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Opening day due Thursday for revamped Glen Cove theater

Jay Levinson, owner of Glen Cove Cinemas, outside

Jay Levinson, owner of Glen Cove Cinemas, outside the theater on March 27, 2014. Credit: Barry Sloan

The scene at Glen Cove Cinemas was a flurry of sweat and dust as workmen installed rows of theater seats and applied finishing touches ahead of the grand opening, scheduled for Thursday, pending the OK from the fire marshal.

The new operator -- and local merchants -- expect the restored theater to have a dramatic impact on business, which they said faltered when the theater went dark last year.

"You've got to have a movie theater in town; thank God these people are bailing us out," said Mike Maier, 58, owner of the Cove Delicatessen on School Street.

Jay Levinson and his two partners, who have leased the theater at 5 School St. for 15 years, invested nearly $1 million in the venue -- roughly half of it for digital projectors -- to illuminate six screens.

"It's a community that's been starving for a theater," said Levinson, who operates two theaters in Merrick and East Northport. He believes area residents who have traveled 20 minutes or more to see first-run movies elsewhere will now stay in Glen Cove.

The renovation has cleared a few bumps. Heavy snow caused some delays in the three-month process, but the revamp will be mostly finished when it opens, he said Friday.

"It's coming along nicely, but it's going to be down to the last minute, down to the last wire, as they always do," Levinson said.

The theater closed last year after the building went into foreclosure. A company controlled by the Huntington-based real estate investment firm DiNoto Group bought the complex with the intention of reopening the theater with a new operator. Levinson was chosen, and the Glen Cove Industrial Development Agency last year awarded the theater a tax break; and the IDA awarded a $10,000 grant to restore the marquee, Levinson said.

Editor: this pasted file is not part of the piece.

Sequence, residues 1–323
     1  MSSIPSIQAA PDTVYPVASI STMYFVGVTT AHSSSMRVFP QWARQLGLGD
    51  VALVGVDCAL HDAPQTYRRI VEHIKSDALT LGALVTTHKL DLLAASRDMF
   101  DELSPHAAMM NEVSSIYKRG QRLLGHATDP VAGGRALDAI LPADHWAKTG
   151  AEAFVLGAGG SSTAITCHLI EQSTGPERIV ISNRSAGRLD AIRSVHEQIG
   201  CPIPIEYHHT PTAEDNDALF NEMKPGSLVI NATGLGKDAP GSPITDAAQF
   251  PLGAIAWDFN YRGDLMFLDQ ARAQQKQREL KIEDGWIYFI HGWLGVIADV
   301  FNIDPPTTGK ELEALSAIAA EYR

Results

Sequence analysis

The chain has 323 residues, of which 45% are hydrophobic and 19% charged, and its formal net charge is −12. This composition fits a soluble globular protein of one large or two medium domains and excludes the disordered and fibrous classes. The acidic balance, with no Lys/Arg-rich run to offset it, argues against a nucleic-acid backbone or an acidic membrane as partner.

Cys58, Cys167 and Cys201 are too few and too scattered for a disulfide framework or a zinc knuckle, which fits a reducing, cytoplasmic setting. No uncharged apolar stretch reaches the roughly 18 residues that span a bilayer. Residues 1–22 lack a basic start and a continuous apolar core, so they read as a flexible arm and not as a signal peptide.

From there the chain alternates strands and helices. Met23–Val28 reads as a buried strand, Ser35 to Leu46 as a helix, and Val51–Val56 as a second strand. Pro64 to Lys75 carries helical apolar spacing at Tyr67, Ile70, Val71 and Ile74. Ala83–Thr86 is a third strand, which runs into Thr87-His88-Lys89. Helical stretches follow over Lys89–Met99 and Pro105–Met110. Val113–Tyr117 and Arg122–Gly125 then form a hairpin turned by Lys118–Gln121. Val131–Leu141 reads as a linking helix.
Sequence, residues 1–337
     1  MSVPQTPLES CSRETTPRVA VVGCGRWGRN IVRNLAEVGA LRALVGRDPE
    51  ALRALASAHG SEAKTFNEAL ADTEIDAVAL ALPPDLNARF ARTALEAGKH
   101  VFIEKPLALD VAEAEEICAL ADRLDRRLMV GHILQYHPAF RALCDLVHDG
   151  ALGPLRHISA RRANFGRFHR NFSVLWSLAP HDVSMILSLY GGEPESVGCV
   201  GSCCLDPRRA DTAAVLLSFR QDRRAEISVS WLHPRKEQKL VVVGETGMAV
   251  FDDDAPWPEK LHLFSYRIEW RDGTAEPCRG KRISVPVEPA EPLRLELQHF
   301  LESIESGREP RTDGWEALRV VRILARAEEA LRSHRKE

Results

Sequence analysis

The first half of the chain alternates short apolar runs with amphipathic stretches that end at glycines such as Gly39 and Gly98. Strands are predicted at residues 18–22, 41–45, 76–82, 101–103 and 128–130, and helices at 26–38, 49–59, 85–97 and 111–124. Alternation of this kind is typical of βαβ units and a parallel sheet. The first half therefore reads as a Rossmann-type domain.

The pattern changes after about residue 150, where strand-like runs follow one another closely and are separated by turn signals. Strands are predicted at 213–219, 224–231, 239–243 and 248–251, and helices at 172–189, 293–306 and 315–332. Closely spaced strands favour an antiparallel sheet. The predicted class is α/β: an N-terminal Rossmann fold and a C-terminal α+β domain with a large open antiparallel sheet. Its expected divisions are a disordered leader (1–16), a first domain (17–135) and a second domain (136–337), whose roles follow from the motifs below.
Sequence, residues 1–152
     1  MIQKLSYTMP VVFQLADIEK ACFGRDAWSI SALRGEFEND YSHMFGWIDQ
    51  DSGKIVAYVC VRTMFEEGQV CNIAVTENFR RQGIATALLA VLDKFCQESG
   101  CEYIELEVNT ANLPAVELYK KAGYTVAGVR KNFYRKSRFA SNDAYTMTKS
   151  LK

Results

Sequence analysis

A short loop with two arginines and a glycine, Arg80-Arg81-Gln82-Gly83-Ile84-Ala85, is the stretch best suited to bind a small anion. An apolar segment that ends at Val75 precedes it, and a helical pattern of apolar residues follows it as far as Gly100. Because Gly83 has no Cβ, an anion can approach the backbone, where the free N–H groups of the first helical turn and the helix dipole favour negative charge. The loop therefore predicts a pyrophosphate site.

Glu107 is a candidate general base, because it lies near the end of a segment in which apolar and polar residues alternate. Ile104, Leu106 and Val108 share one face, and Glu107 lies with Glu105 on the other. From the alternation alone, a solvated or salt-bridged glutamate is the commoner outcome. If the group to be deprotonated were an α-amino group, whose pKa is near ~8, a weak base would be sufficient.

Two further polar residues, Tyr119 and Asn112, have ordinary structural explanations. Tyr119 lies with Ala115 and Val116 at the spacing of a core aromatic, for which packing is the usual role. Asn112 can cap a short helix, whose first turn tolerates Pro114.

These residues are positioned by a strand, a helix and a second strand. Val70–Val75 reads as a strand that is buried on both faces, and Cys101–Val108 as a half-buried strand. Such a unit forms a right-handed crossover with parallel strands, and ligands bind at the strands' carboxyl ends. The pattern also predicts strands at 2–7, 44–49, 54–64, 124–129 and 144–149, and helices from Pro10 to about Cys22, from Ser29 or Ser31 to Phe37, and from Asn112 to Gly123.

The new operator outfitted the theater with new screens, new seats, digital projectors and sound, a new concession stand and a room for children's events. The theaters will seat between 180 and 250.

While much of the emphasis is on what's new, Levinson was enthusiastic about restoring the old-school practice of opening and closing the theaters' blue velvet curtains between the previews and feature presentation.

"It just gives it a nice touch," he said.

A red carpet and costumed characters -- Captain America and Spider-Man -- will add pizzazz to tomorrow's ribbon cutting that will feature remarks by Levinson and Mayor Reginald Spinello. During the day, the theater will be open free of charge for all films except "Captain America: The Winter Soldier," which will open in the evening.

In the past year, a common refrain among restaurateurs has been that the theater's closure killed foot traffic from people looking for a bite before or after a film.

Asian Fusion, a pan-Asian restaurant across the street from the theater, has maintained a takeout and delivery business, but sit-down dining dropped off, said manager Winnie Lin. "Everybody's happy the movie theater is going to be open," Lin said.

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